I’m definitely biased because I was looking at Jeff Bridges as Rooster Cockburn and didn’t really feel quite the way I did about John Wayne’s incarnation of him… I didn’t feel like Jeff Bridges really carried the role the same way to the point I’m completely fascinated by the guy. The courtroom scene in the beginning was my first sighting of him and he had me slapping my knee cuz I was laughing pretty good… Jeff Bridges, I got one laugh out of the same scene and it was when he said something about “going backwards” when he was “backing up”…

I’m going to see The King’s Speech in an hour or so, and then I’ll have my opinion about Colin Firth as best actor… cuz I sure as hell don’t see Jeff Bridges getting the same honor that John Wayne got with the same role (which was one of two awards the original got, by the way).

The best Oscar winners are the people that literally disappear into their roles to the point they’re unrecognizable as the actors themselves. They become the people they play and you believe that act for nearly the film’s entirity.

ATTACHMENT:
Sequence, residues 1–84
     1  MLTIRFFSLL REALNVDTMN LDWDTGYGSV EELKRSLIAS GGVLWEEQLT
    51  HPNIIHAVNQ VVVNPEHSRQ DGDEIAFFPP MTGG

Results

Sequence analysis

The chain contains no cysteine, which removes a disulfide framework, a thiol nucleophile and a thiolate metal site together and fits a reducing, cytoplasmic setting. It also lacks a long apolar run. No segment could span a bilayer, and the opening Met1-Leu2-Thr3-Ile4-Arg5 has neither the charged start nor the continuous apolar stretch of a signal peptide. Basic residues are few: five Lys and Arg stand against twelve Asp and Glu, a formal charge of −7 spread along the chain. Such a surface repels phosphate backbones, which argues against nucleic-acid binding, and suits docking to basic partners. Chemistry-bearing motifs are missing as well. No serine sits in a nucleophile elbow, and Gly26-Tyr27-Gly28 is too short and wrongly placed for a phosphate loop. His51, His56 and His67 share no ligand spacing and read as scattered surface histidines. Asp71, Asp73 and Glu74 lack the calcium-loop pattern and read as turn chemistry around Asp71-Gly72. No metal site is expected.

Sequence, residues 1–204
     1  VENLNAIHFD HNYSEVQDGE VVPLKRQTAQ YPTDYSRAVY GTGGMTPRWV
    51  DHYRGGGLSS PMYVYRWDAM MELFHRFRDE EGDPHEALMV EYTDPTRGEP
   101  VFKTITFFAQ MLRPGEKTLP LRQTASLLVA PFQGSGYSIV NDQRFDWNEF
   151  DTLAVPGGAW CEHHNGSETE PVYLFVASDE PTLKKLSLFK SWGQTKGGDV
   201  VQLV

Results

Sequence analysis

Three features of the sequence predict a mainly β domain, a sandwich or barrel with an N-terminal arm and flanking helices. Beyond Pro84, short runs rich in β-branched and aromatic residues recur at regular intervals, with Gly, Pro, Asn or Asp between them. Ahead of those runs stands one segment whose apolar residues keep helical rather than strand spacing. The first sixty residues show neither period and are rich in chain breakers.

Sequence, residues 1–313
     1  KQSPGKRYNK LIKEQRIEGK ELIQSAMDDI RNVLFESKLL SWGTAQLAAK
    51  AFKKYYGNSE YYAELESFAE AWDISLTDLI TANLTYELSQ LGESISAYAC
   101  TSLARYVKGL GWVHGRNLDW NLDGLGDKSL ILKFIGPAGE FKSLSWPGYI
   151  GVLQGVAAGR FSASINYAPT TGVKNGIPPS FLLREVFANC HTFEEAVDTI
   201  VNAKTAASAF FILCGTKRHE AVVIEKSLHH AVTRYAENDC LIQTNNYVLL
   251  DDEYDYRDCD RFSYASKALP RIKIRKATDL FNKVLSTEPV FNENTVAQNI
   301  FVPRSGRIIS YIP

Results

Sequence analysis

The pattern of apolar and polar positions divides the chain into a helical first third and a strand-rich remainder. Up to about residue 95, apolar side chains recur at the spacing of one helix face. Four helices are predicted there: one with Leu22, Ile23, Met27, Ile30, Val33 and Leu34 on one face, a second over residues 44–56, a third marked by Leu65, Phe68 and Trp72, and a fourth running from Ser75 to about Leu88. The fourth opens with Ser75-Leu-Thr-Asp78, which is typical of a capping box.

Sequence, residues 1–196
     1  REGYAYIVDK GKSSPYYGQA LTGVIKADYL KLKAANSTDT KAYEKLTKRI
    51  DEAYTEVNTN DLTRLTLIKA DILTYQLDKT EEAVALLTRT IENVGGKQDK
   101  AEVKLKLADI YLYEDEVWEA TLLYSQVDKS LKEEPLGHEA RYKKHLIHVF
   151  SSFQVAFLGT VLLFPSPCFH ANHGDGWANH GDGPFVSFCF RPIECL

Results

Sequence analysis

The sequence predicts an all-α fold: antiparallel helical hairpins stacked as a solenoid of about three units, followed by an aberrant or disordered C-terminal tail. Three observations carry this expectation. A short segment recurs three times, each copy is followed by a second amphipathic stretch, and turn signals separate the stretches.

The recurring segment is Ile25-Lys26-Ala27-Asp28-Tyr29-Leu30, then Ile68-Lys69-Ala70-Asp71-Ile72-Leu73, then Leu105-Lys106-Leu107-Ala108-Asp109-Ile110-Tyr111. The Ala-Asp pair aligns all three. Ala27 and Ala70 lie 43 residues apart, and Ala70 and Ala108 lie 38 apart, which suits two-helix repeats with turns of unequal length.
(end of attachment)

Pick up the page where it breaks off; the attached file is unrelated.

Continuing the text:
Although… I may be going from that same biased place… cuz RDJ literally disappeared when he played Chaplin and Kirk Lazurus… and he still didn’t win… what the hell does the guy have to do to win a bloody oscar anyway? (a few things come to mind and I’d rather not come forward with them, god forbid they actually come to pass… losing body parts, getting cancer, blindness… in real life, mind you)…